Nine year-old Quvenzhané Wallis at the 2013 Oscars, the youngest actress ever to receive a Best Actress Oscar nomination.
Photo by Jason Merritt/Getty Images
With the Oscar season done for another year, we can immediately start predicting next year's nominees, as well as next year's host. Personally, I also hope for an improvement on how women–particularly those in the spotlight–are viewed and talked about.
I'll be the first to admit that I don't find Seth MacFarlane funny. I've never been amused by Family Guy, and I find his humor insulting, as well as predicable and repetitive. But he is "edgy," and rumor has it that the producers of the Oscars wanted someone to draw in the all-important younger demographics. And lots of people do find Seth MacFarlane hilarious, so I can understand why he was asked to host the Oscars. I can also understand why he took the job; no matter what you think of the awards ceremony, hosting the Oscars is a huge gig, and being offered the role of host is something you don't turn down without a great deal of thought first.
Poking a bit of gentle fun at the nominees and others in the crowd is fine and even a time-honored tradition: Bob Hope was making jokes about people in the industry in the 1940s. Mean-spirited and hurtful barbs, however, are rarely funny and not appropriate for what is supposed to be a celebration of talent and those skilled in their craft (I know others argue that the Oscars are self-serving, but I personally enjoy the pageantry and celebration). Seth MacFarlane, instead reduced women to their breasts, made an awkward and vaguely inappropriate joke about 9 year-old Quvenzhané Wallis being close to the right age for George Clooney to date, implied that Jennifer Aniston used to be a stripper, and made a horrible quip about the violent Django Unchained being a "date night" movie for Rihanna and Chris Brown. And lest you think all his inappropriate jokes centered around women, MacFarlane joked about John Wilkes Booth shooting Lincoln (the audience booed) and made a Jewish joke which the Anti-Defamation League said was "offensive and not remotely funny. It only reinforces stereotypes which legitimise anti-Semitism."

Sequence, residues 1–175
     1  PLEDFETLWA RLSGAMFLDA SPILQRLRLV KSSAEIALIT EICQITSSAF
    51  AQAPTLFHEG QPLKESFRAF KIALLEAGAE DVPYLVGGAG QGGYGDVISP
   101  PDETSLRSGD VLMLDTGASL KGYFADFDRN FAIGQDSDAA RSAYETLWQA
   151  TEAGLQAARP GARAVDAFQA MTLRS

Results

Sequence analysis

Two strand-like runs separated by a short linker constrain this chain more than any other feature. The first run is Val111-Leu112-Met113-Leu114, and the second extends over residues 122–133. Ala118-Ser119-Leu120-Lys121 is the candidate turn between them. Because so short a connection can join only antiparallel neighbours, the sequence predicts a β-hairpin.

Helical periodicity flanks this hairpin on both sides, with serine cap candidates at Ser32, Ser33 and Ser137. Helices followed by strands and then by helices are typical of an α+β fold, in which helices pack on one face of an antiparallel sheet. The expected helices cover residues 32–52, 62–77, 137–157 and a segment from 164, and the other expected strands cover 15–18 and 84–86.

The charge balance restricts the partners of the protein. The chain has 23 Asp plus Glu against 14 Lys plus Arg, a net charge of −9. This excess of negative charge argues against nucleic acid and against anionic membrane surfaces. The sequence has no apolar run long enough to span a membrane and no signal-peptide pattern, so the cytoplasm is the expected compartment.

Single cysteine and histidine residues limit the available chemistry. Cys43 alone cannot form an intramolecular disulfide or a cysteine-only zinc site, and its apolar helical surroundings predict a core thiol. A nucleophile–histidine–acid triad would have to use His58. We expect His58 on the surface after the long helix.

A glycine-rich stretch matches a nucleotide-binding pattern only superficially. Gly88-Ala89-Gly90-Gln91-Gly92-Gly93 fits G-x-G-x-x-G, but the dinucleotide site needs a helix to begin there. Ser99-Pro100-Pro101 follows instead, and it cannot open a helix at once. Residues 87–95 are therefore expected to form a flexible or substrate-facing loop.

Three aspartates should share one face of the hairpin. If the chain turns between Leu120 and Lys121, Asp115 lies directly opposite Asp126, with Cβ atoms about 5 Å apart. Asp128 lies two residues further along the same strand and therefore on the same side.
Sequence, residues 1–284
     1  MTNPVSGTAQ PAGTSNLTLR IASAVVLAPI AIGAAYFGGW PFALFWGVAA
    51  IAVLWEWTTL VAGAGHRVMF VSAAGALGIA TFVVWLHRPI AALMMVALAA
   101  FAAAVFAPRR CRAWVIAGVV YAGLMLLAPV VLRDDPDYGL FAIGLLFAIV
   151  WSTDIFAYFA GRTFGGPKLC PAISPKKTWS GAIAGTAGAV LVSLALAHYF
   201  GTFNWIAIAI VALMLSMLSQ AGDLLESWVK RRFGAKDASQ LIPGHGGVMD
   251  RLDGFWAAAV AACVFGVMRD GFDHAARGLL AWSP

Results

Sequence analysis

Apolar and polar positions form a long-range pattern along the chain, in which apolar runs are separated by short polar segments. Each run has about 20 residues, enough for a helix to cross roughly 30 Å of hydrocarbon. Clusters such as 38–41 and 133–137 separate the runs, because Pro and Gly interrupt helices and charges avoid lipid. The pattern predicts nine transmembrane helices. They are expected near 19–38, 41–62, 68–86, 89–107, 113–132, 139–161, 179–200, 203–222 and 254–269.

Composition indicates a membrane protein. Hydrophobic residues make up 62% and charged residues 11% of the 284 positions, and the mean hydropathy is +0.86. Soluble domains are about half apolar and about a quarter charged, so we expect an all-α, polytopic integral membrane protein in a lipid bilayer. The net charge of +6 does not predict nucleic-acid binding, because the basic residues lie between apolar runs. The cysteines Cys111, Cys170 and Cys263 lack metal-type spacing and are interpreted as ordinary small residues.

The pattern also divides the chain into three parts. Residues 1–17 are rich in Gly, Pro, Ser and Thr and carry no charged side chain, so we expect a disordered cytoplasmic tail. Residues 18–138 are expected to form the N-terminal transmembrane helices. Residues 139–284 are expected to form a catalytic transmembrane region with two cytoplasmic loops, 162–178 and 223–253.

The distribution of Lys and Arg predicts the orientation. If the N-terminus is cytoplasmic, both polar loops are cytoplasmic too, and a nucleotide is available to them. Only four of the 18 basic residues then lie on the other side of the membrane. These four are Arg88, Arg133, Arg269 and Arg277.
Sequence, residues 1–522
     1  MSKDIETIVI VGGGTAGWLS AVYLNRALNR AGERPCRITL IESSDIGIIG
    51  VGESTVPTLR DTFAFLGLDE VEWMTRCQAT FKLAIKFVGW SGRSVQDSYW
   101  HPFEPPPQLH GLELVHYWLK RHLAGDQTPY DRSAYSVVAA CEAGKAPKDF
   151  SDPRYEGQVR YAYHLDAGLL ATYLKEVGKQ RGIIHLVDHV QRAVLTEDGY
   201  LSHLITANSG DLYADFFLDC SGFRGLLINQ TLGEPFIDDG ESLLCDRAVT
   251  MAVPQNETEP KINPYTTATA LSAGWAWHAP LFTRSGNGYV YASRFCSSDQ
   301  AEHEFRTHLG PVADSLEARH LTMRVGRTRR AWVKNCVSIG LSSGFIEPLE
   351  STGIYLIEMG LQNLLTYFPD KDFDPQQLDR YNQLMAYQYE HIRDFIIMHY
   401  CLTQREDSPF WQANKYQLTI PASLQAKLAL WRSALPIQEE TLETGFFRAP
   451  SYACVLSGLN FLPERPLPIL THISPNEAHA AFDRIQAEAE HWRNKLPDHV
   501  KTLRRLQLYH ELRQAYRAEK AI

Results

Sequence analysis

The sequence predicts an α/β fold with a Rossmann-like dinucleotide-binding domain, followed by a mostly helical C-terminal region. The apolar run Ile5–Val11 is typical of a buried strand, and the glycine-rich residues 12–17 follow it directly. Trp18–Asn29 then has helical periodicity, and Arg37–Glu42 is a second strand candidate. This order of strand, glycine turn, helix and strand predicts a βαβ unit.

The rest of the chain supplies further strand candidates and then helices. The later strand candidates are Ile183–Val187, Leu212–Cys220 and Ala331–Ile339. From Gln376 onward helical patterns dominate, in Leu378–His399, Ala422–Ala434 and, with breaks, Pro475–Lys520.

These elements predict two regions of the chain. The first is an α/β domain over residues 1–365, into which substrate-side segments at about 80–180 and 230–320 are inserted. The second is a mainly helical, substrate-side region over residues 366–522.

Some people defend the choice of MacFarlane as host, saying he was satirizing how the media views women and celebrities, or that women need to learn how to take a joke (or both). I have a problem with that; satire can often be subtle, but if so many people missed the point–as the scathing commentary on the Internet implies–then the satire was either too subtle, or more likely, it missed the mark (For an in-depth look at MacFarlane's performance as host, read Katey Rich and Kristy Puchko's commentary here). While movies and the media expect women to look and act a certain way, and hold them to higher standards than men–hence MacFarlane's joke about women throwing up to fit into their dresses–that satire about double-standards didn't come across. Instead, we just heard about a bunch of movies in which you can see topless women (some of the topless scenes mentioned involved characters being raped), making light of domestic violence and assault, and describing Jessica Chastain's character in Zero Dark Thirty as "a celebration of every woman's innate inability to never ever let anything go." And he made a sex joke about a girl. Even if the joke was supposed to be about Clooney, it was a sex joke about a little girl. None of those things read as satire. Whether Seth MacFarlane is personally misogynistic, anti-Semitic, or anything else, his "jokes" did in fact propagate those things, teaching children that it is ok to be hurtful to one another, and that women really are only there for the pleasure of men.
Perhaps next year Tina Fey and Amy Poehler can host the Oscars.
Girl Museum Inc.